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Average reading time: 3 minutes 50 seconds

“The only thing I am worried about now is having a few beers, and that’s the only thing we will worry about.”

Eddie Jones, England Rugby Union Coach

Those were the words of the England Rugby Coach, Eddie Jones, immediately after losing to South Africa by 32 points to 12 in the 2019 Rugby World Cup Final. And they provide a number of fascinating learning points about celebration and consolation for those of us aspiring to lead high-performing business teams.

My experience over the past 20 years has highlighted the fact that celebration tends to be fairly black and white in business.

Let me explain…

If our teams hit or exceed their targets we have a big celebration event together and revel in the glory of our success. And so we should; because we know that success builds success.

The missing piece of the performance puzzle, however, is to review and analyse that success. It may be the case that there are very specific things that you can repeat and optimize in order to replicate that success over and over again.

But equally, deconstructing our most recent win might highlight the fact that we were just lucky. Analysis might show that despite ‘winning’, our performance was pretty average. Maybe market conditions were in our favour, the team were in the right place at the right time and our competitors just happened to bring their ‘C game’ on that particular day.

“Winning is great, sure, but if you are really going to do something in life, the secret is learning how to lose. Nobody goes undefeated all the time. If you can pick up after a crushing defeat, and go on to win again, you are going to be a champion someday.”

 Wilma Rudolph, US Sprinter

Which brings us to losing.

Just as we can perform poorly and win if luck is on our side, we can perform brilliantly well but not get the result we hoped for. And in these circumstances the natural reaction is to cancel the team dinner.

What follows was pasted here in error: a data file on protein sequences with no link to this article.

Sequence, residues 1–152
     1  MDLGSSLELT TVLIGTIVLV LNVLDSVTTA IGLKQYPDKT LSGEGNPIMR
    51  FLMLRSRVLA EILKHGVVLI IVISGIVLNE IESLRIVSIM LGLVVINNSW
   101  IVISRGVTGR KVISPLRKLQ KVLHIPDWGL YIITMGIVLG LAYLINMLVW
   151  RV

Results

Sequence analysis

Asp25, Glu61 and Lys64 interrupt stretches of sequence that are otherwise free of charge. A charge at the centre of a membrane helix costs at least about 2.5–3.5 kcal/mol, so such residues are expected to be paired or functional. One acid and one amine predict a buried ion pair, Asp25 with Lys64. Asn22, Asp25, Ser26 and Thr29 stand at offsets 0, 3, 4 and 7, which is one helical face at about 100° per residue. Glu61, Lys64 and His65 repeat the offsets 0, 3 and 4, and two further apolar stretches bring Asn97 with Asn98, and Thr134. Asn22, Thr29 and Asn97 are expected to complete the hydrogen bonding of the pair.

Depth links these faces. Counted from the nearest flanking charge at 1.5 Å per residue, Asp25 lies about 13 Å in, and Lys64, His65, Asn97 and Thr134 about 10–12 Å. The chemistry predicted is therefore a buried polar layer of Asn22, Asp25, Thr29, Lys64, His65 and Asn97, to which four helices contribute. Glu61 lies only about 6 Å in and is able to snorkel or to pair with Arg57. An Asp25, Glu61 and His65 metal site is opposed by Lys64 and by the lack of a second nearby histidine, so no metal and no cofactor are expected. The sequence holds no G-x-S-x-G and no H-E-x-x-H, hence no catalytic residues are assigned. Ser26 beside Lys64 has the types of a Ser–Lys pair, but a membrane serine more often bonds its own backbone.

We lost. So why should we get together and celebrate? As the leader of the team I certainly don’t want to encourage us to sit around licking our collective wounds in a mood of despondency and self-pity.

But defeats and missing our targets hurt. Crushing defeats hurt even more and can shake teams to their very core. Some teams never recover from this.

So, getting together as a team is exactly what we should do. Especially when your team has given their all and still come up short.

It is in these moments that the best leaders go about galvanising those they lead into a great team. They bring the team together and recognise the contribution that every individual has made and respond to every member of the team in an individual way.

Some may need a hug, and some may need a smile. Some may need a joke, a light touch on the arm, a quiet word in their ear or even some public recognition. A big speech is rarely what a team requires after a set-back.

Once this is done, the team can then get on with analysing their collective performance so that they can be even better next time.

Which brings us back to the England Rugby team. Here’s some more of what Eddie Jones said following England’s defeat:

“The players prepared tremendously well for this World Cup. I thought they played with a lot of pride and passion, and we got caught short today.

“These things happen, but we can’t doubt the effort of the players. I thought they were extraordinary.”

When our teams win, it’s essential that we celebrate and analyse the success.

And when our teams lose, it’s essential that we seek comfort from each other before learning the lessons that will help us be successful in the future. Especially when they played with pride and passion, and especially when you can’t doubt their effort.

To summarise, take the four combinations of preparedness and luck below:

  1. We prepared well and things went our way – we were well prepared and lucky.
  2. We prepared well and things didn’t go our way – we were well prepared and unlucky.
  3. We didn’t prepare well and things still went our way – we were just lucky.
  4. We didn’t prepare well and things didn’t go our way – we got the result we deserved.

Options one and three both represent a win but tell a very different story. Options two and four also tell very different stories.

My hopes for you having read this article are as follows:

  1. Strive for option one… and know that option two will happen.
  2. Celebrate and analyse your wins.
  3. Come together as a team when you lose.
  4. Analyse your losses, so that you are preparing well for more option ones (or twos).


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